Examples abound of wasteful federal spending, and the growing green technology and renewable energy industry is no exception. The DoE Loan Program has already faced issues that go well beyond Solyndra: Abound Solar, a Colorado-based solar panel manufacturer, was given a $400 million DoE loan guarantee, only to later file for bankruptcy, potentially costing taxpayers $60 million. The Ivanpah Solar Electric Generating System, a 175,000 unit heliostat array in California, received a $1.6 billion federal loan and, because it failed to produce the amount of power estimated, was forced to later request more than$500 million in federal grants from the Treasury Department. A recent Taxpayers Protection Alliance study showed that risky investments in heavily subsidized solar energy could even lead to a bubble similar to the disastrous 2008 housing bubble.

Those who want to expand the government’s role in green banking likely want to see more clean and renewable energy reach the consumer market, and a lot of people probably applaud that goal — but the real question is whether the proposed means can reliably achieve that end. A wise manager with a solid business plan can find investors who will willingly take a chance. Considering the struggles of several states, trusting the federal government to build an even bigger system would exponentially increase that risk.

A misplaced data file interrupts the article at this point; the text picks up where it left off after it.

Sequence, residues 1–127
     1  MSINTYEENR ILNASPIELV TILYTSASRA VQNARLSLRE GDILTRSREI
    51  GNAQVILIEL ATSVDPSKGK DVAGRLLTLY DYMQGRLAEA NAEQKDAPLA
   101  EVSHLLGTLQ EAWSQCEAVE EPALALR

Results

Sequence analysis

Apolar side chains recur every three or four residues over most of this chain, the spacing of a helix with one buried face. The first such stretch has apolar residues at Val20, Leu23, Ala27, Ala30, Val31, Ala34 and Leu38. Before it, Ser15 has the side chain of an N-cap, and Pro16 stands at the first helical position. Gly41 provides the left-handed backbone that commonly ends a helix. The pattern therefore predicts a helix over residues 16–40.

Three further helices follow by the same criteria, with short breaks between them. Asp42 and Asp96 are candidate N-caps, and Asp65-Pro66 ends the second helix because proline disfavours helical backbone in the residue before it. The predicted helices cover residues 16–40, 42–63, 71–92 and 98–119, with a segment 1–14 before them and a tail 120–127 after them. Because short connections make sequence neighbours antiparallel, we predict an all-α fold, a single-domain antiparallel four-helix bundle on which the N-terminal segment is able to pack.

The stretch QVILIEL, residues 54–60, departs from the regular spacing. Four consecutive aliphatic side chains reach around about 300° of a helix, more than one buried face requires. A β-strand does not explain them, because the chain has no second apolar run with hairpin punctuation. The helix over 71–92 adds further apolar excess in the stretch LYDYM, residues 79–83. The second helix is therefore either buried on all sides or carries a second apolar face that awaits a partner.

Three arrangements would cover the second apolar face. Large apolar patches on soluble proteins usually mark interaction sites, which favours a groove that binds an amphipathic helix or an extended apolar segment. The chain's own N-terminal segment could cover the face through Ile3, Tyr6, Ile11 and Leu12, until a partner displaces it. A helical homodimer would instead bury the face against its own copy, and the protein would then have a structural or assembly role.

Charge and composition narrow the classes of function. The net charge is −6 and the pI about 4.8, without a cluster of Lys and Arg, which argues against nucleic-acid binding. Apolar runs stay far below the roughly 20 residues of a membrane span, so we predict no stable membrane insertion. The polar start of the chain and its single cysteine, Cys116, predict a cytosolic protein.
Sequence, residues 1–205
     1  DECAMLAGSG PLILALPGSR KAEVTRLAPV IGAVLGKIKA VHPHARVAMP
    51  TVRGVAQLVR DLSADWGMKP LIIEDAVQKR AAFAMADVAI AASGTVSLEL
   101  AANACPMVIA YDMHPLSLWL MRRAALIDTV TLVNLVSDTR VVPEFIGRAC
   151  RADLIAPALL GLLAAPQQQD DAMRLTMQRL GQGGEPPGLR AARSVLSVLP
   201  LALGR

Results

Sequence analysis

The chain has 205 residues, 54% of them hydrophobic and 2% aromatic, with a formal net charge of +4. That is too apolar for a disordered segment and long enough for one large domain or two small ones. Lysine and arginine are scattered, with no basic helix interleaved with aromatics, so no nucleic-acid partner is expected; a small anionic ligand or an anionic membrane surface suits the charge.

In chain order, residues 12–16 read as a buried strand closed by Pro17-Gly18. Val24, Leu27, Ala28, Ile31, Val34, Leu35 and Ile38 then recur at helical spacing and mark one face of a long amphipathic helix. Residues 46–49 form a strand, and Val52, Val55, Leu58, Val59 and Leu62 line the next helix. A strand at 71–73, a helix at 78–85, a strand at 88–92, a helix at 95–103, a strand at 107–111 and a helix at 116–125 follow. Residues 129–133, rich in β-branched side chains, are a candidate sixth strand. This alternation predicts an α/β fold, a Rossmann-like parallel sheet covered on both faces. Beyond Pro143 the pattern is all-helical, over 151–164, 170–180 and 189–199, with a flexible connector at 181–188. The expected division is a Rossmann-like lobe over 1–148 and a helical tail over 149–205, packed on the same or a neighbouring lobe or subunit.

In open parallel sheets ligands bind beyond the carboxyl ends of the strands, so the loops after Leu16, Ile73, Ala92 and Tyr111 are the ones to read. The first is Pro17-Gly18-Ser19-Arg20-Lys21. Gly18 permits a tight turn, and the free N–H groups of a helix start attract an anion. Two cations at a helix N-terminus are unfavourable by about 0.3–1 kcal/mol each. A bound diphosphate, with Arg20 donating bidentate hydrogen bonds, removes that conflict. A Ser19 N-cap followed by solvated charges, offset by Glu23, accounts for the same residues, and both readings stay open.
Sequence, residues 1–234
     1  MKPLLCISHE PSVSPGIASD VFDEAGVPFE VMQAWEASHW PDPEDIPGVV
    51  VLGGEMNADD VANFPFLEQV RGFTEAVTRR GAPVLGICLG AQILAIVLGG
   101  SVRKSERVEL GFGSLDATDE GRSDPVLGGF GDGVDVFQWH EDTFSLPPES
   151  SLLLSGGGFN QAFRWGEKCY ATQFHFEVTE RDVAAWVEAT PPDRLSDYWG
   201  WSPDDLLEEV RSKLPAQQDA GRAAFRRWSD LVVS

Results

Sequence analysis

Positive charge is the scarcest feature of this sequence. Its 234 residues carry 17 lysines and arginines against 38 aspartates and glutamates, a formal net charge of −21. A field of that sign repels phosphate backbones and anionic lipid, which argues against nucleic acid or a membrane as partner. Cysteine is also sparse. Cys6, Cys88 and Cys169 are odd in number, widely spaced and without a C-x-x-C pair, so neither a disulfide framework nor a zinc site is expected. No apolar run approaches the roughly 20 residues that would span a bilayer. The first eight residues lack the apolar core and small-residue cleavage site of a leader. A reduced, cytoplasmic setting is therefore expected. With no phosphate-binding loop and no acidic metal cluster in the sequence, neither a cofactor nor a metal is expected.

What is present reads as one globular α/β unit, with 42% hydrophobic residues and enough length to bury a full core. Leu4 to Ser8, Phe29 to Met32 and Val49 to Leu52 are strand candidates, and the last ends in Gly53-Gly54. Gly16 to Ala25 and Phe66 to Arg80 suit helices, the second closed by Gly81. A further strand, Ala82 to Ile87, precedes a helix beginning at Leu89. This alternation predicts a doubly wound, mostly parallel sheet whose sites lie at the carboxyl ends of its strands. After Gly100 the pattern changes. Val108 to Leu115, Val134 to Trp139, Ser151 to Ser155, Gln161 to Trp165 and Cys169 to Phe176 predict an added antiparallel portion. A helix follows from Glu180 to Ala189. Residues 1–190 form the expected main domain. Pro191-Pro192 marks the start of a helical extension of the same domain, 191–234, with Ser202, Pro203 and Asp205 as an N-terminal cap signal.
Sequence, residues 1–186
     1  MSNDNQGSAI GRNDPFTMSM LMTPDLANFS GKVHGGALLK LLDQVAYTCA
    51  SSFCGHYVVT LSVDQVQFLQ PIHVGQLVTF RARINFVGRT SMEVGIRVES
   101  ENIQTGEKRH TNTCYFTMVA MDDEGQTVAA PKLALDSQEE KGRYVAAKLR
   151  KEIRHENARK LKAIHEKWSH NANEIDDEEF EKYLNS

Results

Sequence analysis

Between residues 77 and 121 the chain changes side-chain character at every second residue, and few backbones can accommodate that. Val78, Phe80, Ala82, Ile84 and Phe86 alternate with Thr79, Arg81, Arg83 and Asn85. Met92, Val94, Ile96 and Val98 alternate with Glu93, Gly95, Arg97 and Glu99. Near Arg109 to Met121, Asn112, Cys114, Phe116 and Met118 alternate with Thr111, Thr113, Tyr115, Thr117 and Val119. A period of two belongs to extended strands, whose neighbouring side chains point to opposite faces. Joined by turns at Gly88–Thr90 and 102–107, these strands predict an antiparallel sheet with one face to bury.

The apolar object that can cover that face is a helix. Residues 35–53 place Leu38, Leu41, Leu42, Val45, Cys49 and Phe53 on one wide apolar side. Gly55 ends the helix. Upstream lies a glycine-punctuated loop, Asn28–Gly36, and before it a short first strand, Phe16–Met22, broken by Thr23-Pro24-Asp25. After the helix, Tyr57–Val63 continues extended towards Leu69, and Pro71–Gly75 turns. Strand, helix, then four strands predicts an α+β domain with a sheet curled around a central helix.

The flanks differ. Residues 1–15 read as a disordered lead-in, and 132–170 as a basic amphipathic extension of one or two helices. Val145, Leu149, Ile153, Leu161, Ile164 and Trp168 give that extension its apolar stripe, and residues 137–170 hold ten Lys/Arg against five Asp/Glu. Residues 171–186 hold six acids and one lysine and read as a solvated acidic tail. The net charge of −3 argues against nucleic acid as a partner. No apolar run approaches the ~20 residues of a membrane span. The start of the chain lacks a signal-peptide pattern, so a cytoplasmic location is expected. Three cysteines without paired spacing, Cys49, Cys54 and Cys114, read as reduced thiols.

In contrast, the market offers opportunity to entrepreneurs in the green technology and renewable energy industries. For instance, GreatPoint Energy, a company specializing in clean coal, successfully went the route that other companies do: Design a product or service, find investors, and compete in the marketplace.